In this soundscape, the sounds of Syria in Baddawi refugee camp in Lebanon can be heard neither through the perceptible voices nor the dialects of refugees from Syria, but through the evocative sound of the Syrian coffee-seller, whose presence is announced across the camp’s alleyways through the recognisable clinking of his coffee-cups. Everyday life carries on in the camp, with the high-pitched hum of the electricity generator, and the sound of children playing in the camp’s busy ‘streets’.
This second – longer – soundscape offers echoes of everyday life in Baddawi camp, in particular through the overlapping calls to prayer and afternoon conversations on the roof.
Baddawi refugee camp, recorded by E. Fiddian-Qasmiyeh, April 2017.
Ultimately, what we wish to explore through this blog series is: To what extent can these and other methods and approaches offer critical and creative insights into displacement and hosting processes that mainstream humanitarian narratives and traditional ‘humanising’ photographs cannot?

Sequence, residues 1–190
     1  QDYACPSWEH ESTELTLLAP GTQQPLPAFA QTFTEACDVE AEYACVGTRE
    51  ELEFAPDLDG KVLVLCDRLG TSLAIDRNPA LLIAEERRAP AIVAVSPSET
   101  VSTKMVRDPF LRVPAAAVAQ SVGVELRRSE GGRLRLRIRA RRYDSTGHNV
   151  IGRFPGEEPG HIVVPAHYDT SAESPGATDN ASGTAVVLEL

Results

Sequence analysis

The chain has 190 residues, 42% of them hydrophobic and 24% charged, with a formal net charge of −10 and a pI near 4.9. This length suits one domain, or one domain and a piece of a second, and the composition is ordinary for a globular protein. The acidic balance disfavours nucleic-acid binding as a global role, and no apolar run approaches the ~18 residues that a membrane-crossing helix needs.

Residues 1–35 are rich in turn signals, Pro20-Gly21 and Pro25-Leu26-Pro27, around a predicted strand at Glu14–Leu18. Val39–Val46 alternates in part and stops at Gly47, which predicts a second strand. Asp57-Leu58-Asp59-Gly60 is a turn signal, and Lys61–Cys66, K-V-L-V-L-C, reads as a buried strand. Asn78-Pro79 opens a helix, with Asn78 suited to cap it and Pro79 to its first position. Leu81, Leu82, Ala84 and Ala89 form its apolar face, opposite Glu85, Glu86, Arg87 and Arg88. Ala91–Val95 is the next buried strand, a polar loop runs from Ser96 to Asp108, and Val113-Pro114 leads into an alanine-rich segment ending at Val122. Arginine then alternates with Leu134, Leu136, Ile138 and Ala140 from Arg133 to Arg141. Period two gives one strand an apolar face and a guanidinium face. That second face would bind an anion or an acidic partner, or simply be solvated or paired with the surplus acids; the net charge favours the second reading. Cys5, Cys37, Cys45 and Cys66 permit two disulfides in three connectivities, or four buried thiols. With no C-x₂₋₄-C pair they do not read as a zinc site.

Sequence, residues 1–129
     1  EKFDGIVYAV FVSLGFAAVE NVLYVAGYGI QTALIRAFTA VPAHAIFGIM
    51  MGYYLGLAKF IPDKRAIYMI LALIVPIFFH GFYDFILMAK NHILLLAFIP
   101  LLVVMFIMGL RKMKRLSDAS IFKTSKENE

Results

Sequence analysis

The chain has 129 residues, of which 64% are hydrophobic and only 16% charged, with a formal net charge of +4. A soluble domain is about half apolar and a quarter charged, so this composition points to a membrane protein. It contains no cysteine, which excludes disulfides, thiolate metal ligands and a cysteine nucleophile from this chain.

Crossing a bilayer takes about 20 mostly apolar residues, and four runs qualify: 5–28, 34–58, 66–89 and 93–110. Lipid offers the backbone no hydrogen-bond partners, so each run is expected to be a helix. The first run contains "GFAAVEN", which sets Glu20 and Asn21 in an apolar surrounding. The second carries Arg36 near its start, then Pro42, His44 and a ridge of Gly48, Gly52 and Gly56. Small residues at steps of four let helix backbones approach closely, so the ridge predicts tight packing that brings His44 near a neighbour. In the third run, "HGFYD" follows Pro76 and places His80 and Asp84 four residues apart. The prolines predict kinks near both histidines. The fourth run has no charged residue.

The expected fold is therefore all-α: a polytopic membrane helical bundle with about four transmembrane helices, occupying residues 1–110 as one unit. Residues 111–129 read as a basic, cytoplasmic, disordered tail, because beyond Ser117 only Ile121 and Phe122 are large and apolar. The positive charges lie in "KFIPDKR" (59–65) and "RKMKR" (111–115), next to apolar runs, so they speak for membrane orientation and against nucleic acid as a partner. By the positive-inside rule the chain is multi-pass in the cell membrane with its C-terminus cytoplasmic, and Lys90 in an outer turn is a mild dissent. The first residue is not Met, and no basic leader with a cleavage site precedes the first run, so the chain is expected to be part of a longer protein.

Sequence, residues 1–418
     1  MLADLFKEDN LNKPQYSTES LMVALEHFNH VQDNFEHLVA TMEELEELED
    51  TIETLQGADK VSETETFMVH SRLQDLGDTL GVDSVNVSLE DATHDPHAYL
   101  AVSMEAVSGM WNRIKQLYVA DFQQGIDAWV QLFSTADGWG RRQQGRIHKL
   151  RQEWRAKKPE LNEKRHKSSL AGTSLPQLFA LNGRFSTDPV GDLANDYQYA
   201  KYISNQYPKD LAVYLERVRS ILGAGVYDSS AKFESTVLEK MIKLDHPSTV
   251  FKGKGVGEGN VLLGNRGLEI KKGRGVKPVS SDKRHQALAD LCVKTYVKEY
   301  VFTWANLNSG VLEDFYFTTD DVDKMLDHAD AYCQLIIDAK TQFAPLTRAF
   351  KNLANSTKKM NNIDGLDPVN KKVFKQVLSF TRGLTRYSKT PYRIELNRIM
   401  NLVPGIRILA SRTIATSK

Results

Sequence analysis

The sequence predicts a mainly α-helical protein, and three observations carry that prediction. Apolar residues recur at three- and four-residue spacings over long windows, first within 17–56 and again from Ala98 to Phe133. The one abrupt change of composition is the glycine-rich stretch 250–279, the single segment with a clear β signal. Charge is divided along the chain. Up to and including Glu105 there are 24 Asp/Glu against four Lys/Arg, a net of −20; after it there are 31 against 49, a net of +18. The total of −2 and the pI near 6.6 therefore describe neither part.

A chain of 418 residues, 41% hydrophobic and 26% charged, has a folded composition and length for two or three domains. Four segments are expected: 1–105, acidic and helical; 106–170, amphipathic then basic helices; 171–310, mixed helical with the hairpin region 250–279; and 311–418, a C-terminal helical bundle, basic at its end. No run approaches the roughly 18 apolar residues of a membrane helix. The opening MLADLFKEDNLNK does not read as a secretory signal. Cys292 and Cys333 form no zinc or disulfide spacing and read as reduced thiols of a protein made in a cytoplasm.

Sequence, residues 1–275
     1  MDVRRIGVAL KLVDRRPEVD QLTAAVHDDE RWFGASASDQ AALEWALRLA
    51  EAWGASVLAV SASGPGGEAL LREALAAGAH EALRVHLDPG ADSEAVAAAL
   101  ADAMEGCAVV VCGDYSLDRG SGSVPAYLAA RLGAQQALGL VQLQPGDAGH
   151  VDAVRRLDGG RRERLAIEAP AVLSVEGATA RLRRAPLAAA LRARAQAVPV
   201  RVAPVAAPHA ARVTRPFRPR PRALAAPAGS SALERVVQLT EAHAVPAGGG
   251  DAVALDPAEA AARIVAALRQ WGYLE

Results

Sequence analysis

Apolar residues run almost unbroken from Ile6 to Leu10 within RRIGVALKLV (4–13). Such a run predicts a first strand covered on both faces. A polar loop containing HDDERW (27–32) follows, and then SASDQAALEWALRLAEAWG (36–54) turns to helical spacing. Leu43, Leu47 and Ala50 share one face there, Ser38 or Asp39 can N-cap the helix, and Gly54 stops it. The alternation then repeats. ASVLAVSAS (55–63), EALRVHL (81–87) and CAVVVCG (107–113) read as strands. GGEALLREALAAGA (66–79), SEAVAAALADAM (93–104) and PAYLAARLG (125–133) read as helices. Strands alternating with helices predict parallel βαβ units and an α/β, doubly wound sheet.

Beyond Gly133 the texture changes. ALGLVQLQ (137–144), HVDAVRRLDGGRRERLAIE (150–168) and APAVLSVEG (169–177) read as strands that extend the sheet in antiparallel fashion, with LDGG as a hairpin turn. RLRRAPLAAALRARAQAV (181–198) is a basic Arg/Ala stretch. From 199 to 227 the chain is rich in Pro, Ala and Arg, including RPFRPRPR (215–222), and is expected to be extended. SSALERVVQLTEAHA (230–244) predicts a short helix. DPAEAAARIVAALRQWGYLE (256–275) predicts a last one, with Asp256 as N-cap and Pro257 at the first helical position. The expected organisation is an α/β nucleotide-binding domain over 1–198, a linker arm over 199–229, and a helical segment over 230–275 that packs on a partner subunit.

The new Representations of Displacement blog series – which you can read, view and listen to here – will run from 1 September 2017 until 30 November 2017, although these questions will continue to be explored throughout the entire duration of the project (autumn 2020).
To contribute to our community of conversation as part of this blog series and more broadly, see here.
Previous posts on our blog that touch on some of these themes include:
Davis, D. (2017) ‘Urban Warfare, Resilience and Resistance: Leila Abdelrazak’s Baddawi‘
Fiddian-Qasmiyeh, E. (2016) ‘Palestinian and Syrian Refugees in Lebanon: Sharing Space, Electricity and the Sky‘
Fiddian-Qasmiyeh, E. and Qasmiyeh Y. M. (2017) ‘Refugee-Refugee Solidarity in Death and Dying‘
Greatrick, A. and Fiddian-Qasmiyeh, E. (2017) ‘The Roles of Performance and Creative Writing in Refugee-Related Research‘
Maqusi, S. (2017) ‘Photo Gallery: Baqa’a Camp‘
Stonebridge, L. (2016) ‘Poetry as a Host‘
Stonebridge, L. and Qasmiyeh, Y.M. (2017) ‘Time Machine: Stereoscopic Views from Palestine, 1990.‘
Qasmiyeh, Y. M. (2016) ‘Writing the Camp‘